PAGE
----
Police ended a 26-hour standoff Wednesday in Pagosa Springs by forcibly entering a man’s minivan and taking him into custody.
It was a relatively peaceful ending to a standoff that closed schools and put businesses into a lock-down.
Mark Trail, 59, of Archuleta County, was arrested on suspicion of felony assault and pointing a gun at a police officer, said Detective Scott Maxwell, with the Pagosa Springs Police Department.
The standoff began about 9 a.m. Tuesday in the 400 block of Hot Springs Boulevard when an officer with the Pagosa Police Department stopped the van for “driving wildly,” Maxwell said.
As the police officer approached the vehicle, a man inside the van yelled at the officer and pointed a handgun at him, Maxwell said. The officer ran back to his vehicle and called for backup.
Officers surrounded the vehicle all day Tuesday, through the night and into Wednesday morning.
Trail put items in the windows to block the view and made suicidal threats, Maxwell said.
A negotiator tried to convince the man to surrender, to no avail.
Officers entered the vehicle at 11:10 a.m. Wednesday and forcibly removed the suspect, Maxwell said.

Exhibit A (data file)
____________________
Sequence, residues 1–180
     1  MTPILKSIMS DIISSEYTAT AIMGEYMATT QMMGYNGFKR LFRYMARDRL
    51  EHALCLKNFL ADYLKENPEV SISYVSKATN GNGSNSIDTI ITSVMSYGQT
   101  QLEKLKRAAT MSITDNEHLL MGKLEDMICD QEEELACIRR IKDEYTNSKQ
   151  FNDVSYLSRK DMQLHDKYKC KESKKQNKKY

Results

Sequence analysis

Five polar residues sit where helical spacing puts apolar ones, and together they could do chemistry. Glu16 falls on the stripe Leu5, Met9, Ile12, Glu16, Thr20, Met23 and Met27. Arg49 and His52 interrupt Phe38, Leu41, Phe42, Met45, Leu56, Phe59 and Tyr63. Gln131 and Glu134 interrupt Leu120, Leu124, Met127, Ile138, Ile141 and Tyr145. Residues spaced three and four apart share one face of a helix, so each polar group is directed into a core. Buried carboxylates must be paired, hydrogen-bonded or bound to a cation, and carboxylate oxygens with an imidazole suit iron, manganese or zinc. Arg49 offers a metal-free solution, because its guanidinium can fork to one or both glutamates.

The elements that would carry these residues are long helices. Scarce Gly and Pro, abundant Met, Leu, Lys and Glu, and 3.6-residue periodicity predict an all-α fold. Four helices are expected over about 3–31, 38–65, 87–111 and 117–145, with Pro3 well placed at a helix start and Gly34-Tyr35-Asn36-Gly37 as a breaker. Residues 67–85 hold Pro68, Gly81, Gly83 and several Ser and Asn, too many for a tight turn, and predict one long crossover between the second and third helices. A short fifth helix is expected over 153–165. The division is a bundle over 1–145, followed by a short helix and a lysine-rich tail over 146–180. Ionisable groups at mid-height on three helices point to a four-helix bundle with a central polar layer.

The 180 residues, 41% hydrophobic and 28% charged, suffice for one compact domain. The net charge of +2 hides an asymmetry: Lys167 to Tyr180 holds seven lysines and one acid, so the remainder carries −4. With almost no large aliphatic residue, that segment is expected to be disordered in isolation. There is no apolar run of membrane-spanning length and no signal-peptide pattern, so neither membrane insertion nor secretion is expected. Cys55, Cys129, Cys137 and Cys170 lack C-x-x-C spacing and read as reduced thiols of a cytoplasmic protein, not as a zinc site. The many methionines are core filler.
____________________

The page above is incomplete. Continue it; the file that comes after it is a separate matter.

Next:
Officers fired bean-bag rounds at the windows and used a Taser gun to subdue the man.
Trail and two officers received minor scrapes and cuts during the incident.
Police were unsure why Trail reacted the way he did. He was scheduled to be in court Tuesday morning to face charges of animal cruelty on suspicion of shooting a horse, Maxwell said.
“Not exactly sure what he wanted or what his motive was in doing this, other than he’s just angry about a lot of different things,” he said.
“It didn’t look like he was going to surrender or exit the vehicle,” Maxwell said. “He expressed repeatedly that he was going to end his life, so the decision was made to go ahead and get him out of the vehicle.”
All public schools in the Archuleta County School District, which are close to the standoff, were canceled Wednesday. It was the second day of school.
The schools were placed on “lockout” Tuesday, meaning no one could enter or leave the schools. Police escorted students to buses and to parent pick-up locations at the end of the school day.
Maxwell said Trail had jugs of water in the van.
“As far as I know, he never had to go to the bathroom,” he said.